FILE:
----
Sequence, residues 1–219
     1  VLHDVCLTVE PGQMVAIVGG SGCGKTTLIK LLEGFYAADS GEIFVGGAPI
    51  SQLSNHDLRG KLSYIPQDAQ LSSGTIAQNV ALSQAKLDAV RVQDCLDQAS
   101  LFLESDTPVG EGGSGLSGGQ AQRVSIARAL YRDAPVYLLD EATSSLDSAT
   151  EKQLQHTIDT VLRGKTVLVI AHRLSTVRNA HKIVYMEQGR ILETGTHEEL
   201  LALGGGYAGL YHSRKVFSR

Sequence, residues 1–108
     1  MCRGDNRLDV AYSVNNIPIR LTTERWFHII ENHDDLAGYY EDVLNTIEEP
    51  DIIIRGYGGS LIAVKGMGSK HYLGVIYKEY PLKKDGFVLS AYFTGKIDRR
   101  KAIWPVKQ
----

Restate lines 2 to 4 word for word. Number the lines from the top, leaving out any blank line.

     1  VLHDVCLTVE PGQMVAIVGG SGCGKTTLIK LLEGFYAADS GEIFVGGAPI
    51  SQLSNHDLRG KLSYIPQDAQ LSSGTIAQNV ALSQAKLDAV RVQDCLDQAS
   101  LFLESDTPVG EGGSGLSGGQ AQRVSIARAL YRDAPVYLLD EATSSLDSAT